Where does hector find his wife andromache
He acted as leader of the Trojans and their allies in the defence of Troy, "killing 31, Greek fighters. Hector's name could thus be taken to mean 'holding fast'. He was married to Andromache , with whom he had an infant son, Scamandrius whom the people of Troy called Astyanax. During the European Middle Ages, Hector figures as one of the Nine Worthies noted by Jacques de Longuyon , known not only for his courage but also for his noble and courtly nature. Indeed, Homer places Hector as peace-loving, thoughtful as well as bold, a good son, husband and father, and without darker motives. James Redfield describes Hector as a "martyr to loyalties, a witness to the things of this world, a hero ready to die for the precious imperfections of ordinary life.SEE VIDEO BY TOPIC: The troy Hector's burning
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Homer’s Iliad Book 6: Hector’s farewell
The battle continues, and although the gods are no longer taking part, the Achaians drive back the Trojans. There is much slaughter, and in their ardor to defeat the Trojans, the Achaians do not even pause to collect loot. The Trojan force is in full retreat when Helenos, a soothsayer, suggests that his brother Hektor return to Troy and arrange for the queen and the other royal women of the city to make an offering in the temple of Athena in hopes of placating the goddess.
Hektor agrees to the wisdom of this plan, and while he goes back to Troy, there is a short lull in the fighting. During this interval, Agamemnon orders Menelaos to kill Adrestus even though Menelaos' intends to spare the Trojan. Diomedes and Glaukos step into the area between the two resting armies and challenge each other to personal combat.
They discover, however, while explaining their individual pedigrees, that there were once ties of friendship between their grandfathers; thus, according to the heroic code, they must maintain these same bonds of friendship. They promise to avoid fighting each other in the battles to come, and, as a token of their fellowship, they trade armor.
Diomedes comes out ahead in this exchange because his bronze armor is worth only nine oxen, while the golden armor of Glaukos is worth one hundred oxen, but the two men part as comrades. In Troy, Hektor instructs his mother, Hekuba, about the rites to be held in Athena's temple, and then he goes to find Paris, who has been absent from the battlefield.
He discovers his brother at home with Helen and her handmaidens, and he sternly rebukes him for his irresponsibility. Paris admits that he has been disgracing himself, and he prepares himself to join the fight.
Hektor, meanwhile, goes to visit his own wife and baby son. He finds Andromache and the baby Astyanax on the walls overlooking the battlefield. Andromache pleads with Hektor not to endanger himself any longer. Achilles has killed her father and all her brothers, and now Hektor is her whole family; she begs him to have pity on her and their infant child.
Hektor admits his concern for Andromache, but he says that he must consider his reputation and his duty. In his heart, he says, he knows that Troy will fall someday, but he is, after all, foremost a soldier and a prince, and he has many responsibilities. He adds that he often worries about the fate of his dear wife and son after he is dead and his city has been captured, but that a mortal cannot change the will of the gods.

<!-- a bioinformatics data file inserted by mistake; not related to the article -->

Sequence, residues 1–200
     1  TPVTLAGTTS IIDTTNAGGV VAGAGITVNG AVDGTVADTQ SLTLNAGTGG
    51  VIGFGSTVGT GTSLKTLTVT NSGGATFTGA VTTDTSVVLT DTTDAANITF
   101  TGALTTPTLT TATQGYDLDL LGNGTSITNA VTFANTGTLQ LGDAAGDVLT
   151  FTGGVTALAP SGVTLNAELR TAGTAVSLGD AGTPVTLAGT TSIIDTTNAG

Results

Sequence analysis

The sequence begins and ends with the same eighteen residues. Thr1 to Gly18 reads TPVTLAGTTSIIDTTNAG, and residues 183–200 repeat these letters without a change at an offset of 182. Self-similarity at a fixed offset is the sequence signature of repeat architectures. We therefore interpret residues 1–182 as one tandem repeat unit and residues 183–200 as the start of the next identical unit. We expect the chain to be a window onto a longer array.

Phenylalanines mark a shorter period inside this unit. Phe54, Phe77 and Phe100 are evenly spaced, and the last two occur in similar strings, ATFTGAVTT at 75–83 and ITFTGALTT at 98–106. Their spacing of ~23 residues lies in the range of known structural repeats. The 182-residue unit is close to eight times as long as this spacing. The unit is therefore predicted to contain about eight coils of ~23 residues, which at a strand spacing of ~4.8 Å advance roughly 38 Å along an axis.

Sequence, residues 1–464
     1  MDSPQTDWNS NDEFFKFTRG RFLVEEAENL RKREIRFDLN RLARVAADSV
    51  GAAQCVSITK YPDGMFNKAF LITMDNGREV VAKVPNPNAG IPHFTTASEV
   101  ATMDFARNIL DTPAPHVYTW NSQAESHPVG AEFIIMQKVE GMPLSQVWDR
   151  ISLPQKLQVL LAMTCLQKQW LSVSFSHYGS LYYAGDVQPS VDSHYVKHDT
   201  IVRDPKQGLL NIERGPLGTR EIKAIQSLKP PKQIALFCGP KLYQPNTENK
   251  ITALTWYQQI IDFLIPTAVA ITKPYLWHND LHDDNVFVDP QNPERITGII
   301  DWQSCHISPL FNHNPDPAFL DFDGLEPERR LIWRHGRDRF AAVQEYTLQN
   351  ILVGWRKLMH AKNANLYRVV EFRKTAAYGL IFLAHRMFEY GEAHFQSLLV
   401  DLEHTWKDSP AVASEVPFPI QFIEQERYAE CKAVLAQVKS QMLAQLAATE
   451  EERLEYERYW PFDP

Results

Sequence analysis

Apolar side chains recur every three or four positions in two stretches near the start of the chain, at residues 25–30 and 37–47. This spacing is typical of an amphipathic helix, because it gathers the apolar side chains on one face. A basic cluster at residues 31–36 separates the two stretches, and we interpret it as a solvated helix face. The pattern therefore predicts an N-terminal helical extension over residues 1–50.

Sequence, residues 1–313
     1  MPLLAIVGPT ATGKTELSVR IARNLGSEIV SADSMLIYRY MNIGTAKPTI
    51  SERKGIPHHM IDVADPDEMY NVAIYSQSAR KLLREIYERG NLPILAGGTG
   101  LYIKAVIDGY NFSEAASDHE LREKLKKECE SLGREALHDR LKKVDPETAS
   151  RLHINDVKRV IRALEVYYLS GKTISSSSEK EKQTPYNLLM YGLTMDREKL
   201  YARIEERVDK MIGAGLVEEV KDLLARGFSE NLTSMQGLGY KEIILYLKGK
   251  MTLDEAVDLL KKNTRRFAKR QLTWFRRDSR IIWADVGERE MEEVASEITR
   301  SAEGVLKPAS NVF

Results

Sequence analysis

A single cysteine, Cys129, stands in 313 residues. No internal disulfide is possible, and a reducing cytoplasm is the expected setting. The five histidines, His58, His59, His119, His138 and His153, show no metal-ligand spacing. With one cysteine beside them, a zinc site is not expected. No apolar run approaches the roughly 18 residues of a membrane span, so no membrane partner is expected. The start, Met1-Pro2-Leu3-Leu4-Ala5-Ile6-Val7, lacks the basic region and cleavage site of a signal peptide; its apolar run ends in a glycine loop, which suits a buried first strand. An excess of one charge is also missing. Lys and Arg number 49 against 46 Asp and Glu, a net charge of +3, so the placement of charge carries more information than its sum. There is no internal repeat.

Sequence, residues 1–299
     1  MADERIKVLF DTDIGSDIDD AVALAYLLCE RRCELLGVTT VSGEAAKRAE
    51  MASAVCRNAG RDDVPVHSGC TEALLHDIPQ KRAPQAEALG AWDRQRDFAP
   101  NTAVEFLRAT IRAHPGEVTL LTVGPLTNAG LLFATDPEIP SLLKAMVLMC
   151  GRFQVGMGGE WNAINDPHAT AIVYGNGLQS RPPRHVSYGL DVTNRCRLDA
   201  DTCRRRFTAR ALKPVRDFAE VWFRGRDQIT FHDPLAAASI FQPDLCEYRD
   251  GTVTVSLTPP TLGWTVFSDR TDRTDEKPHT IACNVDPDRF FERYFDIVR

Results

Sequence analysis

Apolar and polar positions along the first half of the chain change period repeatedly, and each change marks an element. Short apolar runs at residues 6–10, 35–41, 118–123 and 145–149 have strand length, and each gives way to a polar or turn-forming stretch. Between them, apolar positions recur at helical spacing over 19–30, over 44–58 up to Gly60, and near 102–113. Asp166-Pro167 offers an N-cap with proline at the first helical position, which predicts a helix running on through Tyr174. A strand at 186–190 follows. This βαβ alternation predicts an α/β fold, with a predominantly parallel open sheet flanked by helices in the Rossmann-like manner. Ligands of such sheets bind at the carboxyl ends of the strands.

After saying this, Hektor kisses Andromache and Astyanax and leaves. Paris joins him at the city gate, and they both return to the battlefield. In the overall structure of the epic, this fighting involves three large movements between the ships and the city. Within Book VI a distinctive movement from cold-heartedness to tenderness, from barbarity to honor occurs.
Agamemnon's brutality is immediately contrasted with the kinship discovered by Glaukos and Diomedes. The two warriors discover that they have ties because of their forebears. They not only pledge friendship but exchange armor as well. The exchange of armor is especially significant because armor was associated with identity, and the exchange is a symbolic exchange of character.
In this example, Homer shows that war can entail more than carnage, and that bonds of friendship can be established. An interesting sideline in this scene is Glaukos' mention of symbols inscribed "on a folded tablet.
But Homer goes on to show even greater humanity in wartime. As Hektor returns to Troy, he first meets the wives of the Trojan warriors, reminding the reader that for each soldier there is an individual life and story within the city.
Likewise, when Hektor sees his mother, Hekuba, their meeting, too, is a reminder of the ties of kinship and love that implicitly exist for every character in the story. Moreover, these ties of love and kinship have all become disconnected by the war. The scenes in Book VI graphically remind the reader why the Greek soldiers rushed to their ships to return home in Book II when they were offered the opportunity to return home.
Before Hektor is reunited with Andromache, he encounters Paris and Helen. Hektor's anger toward Paris is palpable. Paris and Helen are the causes of the war that men such as Hektor and the husbands of the Trojan wives are fighting, while Paris himself lies in bed with Helen. The contrast between the responsible Hektor and the irresponsible Paris is obvious.
This contrast is carried further when Helen makes an oblique pass at Hektor. Hektor tactfully rebuffs her, saying, "Don't ask me to sit beside you here, Helen. Once again, the contrast with Paris is clear. Most commentators consider this scene to be the most moving in the Iliad. It is a portrait of the warrior at home, war forgotten as he watches his son play and talks with his wife. Hektor's family becomes a symbol for all the soldier's families, what their lives could be if there were no war.
Once again, Hektor is the perfect contrast to Achilles. As Hektor stands in the loving circle of his home and family, Achilles, alienated and alone, rages in his tent. Achilles is more dangerous, but Hektor is more human. In fact, with Hector and Achilles, Homer provides two different paradigms.